Saturday, December 17, 2005

Just When You Think...

Writers never fail to surprise you. Just when you think you’ve almost seen every combination of submission, you spot something different. This past week it happened to me as I processed another stack of fiction submissions for Howard Publishing. Every writer needs to provide the editor with a means to respond—either a self-addressed-stamped-envelope (SASE) or an email address.  I had a couple of people so excited about sending their submission to an editor that they neglected to include a response mechanism. Some people wonder why this necessity—since it’s only a stamp or small expense. Those small expenses add up to thousands of dollars of completely unbudgeted and unplanned expenses for a publishing house.  It’s the writer’s responsibility to give the editor a means to respond through their SASE or email address.

OK, here’s my situation. I have a large stack of paper on my desk of queries, manuscripts and proposals. I maintain a simple submission log of each of these submissions (whether electronic or on paper).  When I type someone’s name into my submission log, if they’ve submitted something earlier, their name will fill into my excel spreadsheet. It instantly clues me in that I’ve heard from this writer—and maybe even seen this same query or pitch. It happened again last week. A writer sent me the exact same query and exact same idea which I rejected months ago. It’s not how to make a good impression on your editor. 

Through this process, you see all sorts of different combinations and pitches from writers about their work.  Then I spotted something new. As I prepared to use the writer’s SASE and tuck in my form rejection letter, I had a problem. The return envelope was sealed.  I imagine the writer created some assembly process to mail her queries—and unknowingly sealed her SASE. I pulled out my pocketknife from my desk and carefully cut open the envelope, tucked the rejection note inside and resealed it with some tape. It was another new experience for me. Writers are a creative bunch.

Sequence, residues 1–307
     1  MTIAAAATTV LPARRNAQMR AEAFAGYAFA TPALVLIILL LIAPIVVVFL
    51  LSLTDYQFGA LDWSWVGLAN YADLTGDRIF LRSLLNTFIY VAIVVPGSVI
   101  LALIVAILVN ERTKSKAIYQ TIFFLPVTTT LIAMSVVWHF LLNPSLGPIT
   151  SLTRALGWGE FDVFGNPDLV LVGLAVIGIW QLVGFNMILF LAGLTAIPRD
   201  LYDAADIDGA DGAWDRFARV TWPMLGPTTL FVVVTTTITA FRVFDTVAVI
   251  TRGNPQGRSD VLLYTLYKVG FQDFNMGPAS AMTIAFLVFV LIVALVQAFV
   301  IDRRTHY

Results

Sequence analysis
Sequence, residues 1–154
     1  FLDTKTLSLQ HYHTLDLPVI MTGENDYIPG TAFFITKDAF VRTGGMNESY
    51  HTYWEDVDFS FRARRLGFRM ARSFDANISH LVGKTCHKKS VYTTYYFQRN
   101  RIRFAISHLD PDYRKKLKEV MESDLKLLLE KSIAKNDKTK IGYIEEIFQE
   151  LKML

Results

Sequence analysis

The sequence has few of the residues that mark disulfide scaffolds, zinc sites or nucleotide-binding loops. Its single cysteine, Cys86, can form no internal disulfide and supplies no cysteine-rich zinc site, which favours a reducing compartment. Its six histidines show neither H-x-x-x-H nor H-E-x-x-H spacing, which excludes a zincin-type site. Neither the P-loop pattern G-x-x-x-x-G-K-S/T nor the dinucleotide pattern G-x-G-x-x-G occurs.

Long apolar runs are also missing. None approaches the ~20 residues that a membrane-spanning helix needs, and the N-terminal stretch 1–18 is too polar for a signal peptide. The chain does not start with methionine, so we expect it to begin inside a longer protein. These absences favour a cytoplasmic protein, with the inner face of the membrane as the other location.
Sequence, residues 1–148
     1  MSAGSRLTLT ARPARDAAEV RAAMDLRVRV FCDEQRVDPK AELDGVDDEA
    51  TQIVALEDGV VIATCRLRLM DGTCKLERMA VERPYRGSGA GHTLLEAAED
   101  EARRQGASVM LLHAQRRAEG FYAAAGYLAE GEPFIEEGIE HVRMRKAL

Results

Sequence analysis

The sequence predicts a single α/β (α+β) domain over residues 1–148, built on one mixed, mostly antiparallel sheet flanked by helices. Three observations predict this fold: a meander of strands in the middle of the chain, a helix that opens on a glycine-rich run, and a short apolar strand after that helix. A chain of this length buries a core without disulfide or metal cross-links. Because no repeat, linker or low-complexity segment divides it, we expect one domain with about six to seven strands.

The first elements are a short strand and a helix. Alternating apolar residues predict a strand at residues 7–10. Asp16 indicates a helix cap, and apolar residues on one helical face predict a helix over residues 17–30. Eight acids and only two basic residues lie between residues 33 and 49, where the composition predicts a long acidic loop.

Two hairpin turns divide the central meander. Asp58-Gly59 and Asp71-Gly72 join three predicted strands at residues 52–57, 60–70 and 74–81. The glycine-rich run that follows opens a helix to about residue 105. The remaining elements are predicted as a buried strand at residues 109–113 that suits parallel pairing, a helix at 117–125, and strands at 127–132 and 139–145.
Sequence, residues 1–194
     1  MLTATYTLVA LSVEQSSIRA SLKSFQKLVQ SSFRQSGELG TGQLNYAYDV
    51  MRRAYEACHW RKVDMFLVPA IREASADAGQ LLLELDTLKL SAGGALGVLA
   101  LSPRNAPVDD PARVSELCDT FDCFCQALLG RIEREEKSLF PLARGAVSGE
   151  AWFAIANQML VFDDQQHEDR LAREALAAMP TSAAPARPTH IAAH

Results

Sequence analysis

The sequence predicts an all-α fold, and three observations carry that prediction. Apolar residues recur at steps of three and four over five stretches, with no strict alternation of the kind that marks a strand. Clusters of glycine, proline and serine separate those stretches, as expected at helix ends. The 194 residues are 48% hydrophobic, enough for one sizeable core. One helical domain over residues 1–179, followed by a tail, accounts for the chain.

My Howard Publishing email address is on the website. My phone number used to be on the site. It was removed when I got several unsolicited calls from writers who enthusiastically told me that Howard Publishing would be the perfect place for their children’s book. If you look at the house guidelines, it’s clear that Howard doesn’t publishing children’s books. I’m certainly not the person to receive these pitches since I only handle fiction. After those calls, my phone number was removed from that location.

Some times a writer’s pitch or query letter will come to my editor email address. With my email address, it seems clear to me that it’s my personal Howard Publishing email address. You would be surprised at the queries which begin “Dear Editor” or “To Whom It May Concern.” One of these pitches last week showed their pure confusion by beginning the letter, “Dear Ms. Whalin” and later using, “Mr. Whalin.” These writers are making an impression with their pitch and it’s definitely not the type they want to make with it. Typing my name into any search engine and in a matter of seconds you can learn how to address my salutation. These queries come from writers who are unskilled or hurried.   No matter what salutation or what format, I continue to give these writers a “hearing” to pitch their idea. Within publishing, it’s called a “slush” pile for a reason.

4 Comment:

At 3:00 PM, Blogger Ron Estrada Left a note...

That's funny. One of my letter writing fears is to use the wrong title of the person I'm addressing. I'll type in "Ms." and think "will she be insulted if she's married?" My writing partners are sticklers for details like that and are great at holding me accountable. I hope my name never sticks in an editor's mind for the wrong reasons!

At 3:16 PM, Blogger Terry Whalin Left a note...


From my perspective, it's key to either do your research --at the publisher's website, through a friend who knows this person, through using Google or some other means--or take the safe approach and simply use the full name. I receive many letters which include my full name as a salutation: Dear Terry Whalin.

Then your material is professional without getting it wrong--and making the wrong impression. You want the editor to be concentrating on your writing and idea--not some "extra" issue which catches attention.

The Writing Life

At 2:46 AM, Blogger relevantgirl Left a note...


Thanks again for all your wisdom on this site. I often refer writers here. (And recently, I started a writers group here in France. I sent them all here!)

At 8:58 AM, Blogger Gina Holmes Left a note...

That's funny. I cringe when I think back to my early submissions. I won't humiliate myself by sharing my pitiful expereinces. Good thing they weren't submitted to anyone that actually had anything to do with my intended market. They might have remembered me. :)


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